October 1, 2018
Over the past few years, the growing discussion and regulatory/industry-wide initiatives around open banking, the new wave in bank-FinTech partnerships, and the growing emphasis on open architecture have been the key drivers pushing for APIs to take center stage in FinServ’s journey towards a comprehensive digital transformation.
The advent of API-driven innovation has been instrumental in transforming the way businesses operate. A set of protocols facilitating interaction between two or more systems, APIs enable secure, cost-effective, and controlled access of the data and capabilities between two parties. While the level of ‘openness’ or the extent of permission needed for data sharing depends on the type of API in question – i.e. private API/partner API/open API. In the world of financial services, open APIs have taken everybody by storm with all the discussions around open banking and PSD2.
Several banks have begun to develop their tech-infrastructure to meet the regulatory mandate and/or prepare themselves for the inevitable future of API banking by opening up their APIs. However, the bulk of APIs today are exposed by banks/businesses/tech providers in a partner API arrangement, for an implementation or collaboration objective. While APIs have been around for a while now, it is now that their usage has picked up pace.
Almost all the FinTech providers today use API-based integration for their services. A stripe API lets you install a payment button anywhere on your website or blog in just a matter of minutes. Facebook or Google APIs are everywhere, enabling you to sign in to any website without any hassle. Starling Bank enables SMEs to avail banking services where they can have access to market leading modular solutions of their choice through APIs – e.g. Xero for receivables, TransferWise for cross-border payments, Kabbage for lending – bundled together through plug-and-play systems. In fact, several forward-looking regulators and industry bodies have also begun to use APIs as a tool for innovation. The pack of India Stack APIs by NPCI in India is a key example where Aadhaar, eSign and other innovative capabilities are available to businesses through an API. Singapore now runs a whole-government API facilitating better integration of data and services a bureaucratic maze that includes 85 government agencies each with their own requirements.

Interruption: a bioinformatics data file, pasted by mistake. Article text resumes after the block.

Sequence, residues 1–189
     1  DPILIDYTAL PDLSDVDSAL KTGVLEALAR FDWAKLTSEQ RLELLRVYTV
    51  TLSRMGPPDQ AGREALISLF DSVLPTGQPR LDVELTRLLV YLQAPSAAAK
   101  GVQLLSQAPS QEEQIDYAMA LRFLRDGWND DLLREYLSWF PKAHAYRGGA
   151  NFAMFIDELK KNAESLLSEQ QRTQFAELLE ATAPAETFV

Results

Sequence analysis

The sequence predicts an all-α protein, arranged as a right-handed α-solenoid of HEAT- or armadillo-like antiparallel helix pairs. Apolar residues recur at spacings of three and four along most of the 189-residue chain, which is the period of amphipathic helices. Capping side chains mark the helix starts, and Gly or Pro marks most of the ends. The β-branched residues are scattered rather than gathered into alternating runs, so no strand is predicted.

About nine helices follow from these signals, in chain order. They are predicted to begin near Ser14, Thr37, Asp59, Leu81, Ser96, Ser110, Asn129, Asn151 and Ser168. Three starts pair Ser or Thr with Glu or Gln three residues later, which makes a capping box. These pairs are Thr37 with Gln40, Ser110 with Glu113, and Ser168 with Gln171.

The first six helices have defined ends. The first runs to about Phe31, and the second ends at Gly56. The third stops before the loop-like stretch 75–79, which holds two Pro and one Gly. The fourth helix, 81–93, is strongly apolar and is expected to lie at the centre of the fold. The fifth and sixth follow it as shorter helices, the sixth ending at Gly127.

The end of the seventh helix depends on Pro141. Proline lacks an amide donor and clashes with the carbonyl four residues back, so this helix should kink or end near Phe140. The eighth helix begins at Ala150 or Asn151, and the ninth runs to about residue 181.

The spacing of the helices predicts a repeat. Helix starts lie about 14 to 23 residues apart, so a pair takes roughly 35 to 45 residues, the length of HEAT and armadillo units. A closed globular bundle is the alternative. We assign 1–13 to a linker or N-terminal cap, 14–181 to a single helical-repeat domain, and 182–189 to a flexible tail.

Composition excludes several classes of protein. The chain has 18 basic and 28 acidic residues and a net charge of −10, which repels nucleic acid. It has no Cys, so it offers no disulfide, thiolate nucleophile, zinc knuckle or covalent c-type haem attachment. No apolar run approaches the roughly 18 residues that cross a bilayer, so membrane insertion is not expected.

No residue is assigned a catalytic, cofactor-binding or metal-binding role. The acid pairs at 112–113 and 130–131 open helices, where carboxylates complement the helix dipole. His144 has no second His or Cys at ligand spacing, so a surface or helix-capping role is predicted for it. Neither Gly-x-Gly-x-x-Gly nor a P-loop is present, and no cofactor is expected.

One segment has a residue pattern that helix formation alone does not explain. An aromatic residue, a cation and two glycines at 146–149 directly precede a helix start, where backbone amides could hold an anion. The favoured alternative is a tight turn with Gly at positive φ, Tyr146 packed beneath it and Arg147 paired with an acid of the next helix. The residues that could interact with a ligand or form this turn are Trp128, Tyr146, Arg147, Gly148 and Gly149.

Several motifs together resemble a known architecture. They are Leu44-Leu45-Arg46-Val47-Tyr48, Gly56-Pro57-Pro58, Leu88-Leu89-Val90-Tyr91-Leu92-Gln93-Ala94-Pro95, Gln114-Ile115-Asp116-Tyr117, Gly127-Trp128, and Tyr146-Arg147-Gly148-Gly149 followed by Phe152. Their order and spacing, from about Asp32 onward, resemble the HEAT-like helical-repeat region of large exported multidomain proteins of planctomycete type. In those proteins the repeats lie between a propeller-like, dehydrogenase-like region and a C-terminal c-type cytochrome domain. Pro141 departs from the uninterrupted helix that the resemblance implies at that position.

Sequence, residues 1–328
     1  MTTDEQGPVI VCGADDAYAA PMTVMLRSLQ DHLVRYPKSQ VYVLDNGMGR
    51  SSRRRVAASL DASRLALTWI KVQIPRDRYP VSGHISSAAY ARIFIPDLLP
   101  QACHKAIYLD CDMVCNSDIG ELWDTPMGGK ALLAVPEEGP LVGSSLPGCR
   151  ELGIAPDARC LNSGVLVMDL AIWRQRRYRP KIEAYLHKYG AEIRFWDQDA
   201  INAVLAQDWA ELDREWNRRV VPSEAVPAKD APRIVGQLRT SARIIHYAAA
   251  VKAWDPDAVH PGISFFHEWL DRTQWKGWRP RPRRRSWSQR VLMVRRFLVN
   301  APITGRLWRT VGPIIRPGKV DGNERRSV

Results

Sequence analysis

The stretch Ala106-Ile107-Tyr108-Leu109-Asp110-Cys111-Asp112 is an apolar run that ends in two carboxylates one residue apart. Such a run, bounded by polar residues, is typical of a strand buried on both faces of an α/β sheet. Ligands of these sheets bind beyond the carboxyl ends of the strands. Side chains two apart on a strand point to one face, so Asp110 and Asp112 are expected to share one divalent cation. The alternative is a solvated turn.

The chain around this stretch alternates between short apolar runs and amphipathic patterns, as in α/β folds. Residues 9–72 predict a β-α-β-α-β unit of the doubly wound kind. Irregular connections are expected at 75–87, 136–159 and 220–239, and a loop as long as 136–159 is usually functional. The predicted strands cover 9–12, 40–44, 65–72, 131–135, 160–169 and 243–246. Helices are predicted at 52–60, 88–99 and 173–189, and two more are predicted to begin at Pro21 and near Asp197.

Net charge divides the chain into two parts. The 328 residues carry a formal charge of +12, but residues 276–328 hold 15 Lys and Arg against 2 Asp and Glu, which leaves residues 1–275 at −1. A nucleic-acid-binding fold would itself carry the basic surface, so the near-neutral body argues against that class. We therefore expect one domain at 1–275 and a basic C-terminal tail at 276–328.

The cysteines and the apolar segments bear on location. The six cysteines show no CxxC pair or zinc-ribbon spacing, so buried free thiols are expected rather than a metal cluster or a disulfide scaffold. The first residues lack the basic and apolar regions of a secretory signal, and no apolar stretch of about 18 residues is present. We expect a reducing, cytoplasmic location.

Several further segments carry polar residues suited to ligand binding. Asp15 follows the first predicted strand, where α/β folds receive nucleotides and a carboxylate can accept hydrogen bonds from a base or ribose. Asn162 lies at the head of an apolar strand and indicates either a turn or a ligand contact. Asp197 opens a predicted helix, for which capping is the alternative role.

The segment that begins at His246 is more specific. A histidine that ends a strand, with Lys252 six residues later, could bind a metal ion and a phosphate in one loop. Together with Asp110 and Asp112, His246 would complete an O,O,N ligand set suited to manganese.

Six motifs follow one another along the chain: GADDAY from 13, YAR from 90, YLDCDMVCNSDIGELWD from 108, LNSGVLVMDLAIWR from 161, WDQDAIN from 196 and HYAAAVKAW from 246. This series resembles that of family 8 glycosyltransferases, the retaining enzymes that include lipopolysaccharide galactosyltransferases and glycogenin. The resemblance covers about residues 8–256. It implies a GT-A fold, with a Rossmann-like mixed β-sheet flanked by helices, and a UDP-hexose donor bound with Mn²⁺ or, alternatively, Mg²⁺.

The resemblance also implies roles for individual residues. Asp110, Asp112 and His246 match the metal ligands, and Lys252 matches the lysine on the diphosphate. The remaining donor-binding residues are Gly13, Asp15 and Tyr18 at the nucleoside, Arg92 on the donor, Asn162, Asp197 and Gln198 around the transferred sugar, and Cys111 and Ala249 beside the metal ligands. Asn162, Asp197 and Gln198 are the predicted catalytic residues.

Now that we have seen how APIs have garnered heavy traction recently, let us see what the numbers say. According to data from ProgrammableWeb, which maintains an API directory with over 20,500 registered APIs, there has been a surge in the number of newer FinTech/FinServ APIs added since 2017, as compared to the number in the period of 2014-2017. Financial APIs topped the charts among the other fastest growing categories of APIs (e.g. Data, Analytics, Payments, eCommerce etc.) in terms of the most number of APIs added post 2017. If we compare the yearly average data for the period 2014-2017 to the data post 2017, Financial, Payments and Stocks – all key FinTech/FinServ APIs - are three major categories which have seen the highest growth.
In terms of yearly average, there is a staggering growth of 284% in the number of stock trading APIs post-2017, as compared to the period 2014-2017. The growth - in similar terms – for financial APIs was 90% and for payment APIs was 51%.
These statistics are well aligned with the fact that the FinServ industry is one of the largest beneficiaries of the API economy. Most of the agile, nibler FinTech business models owe their success to these APIs. With the developments in the open banking, consent tracking and data protection space, the importance of APIs in our day-to-day financial lives is set to increase.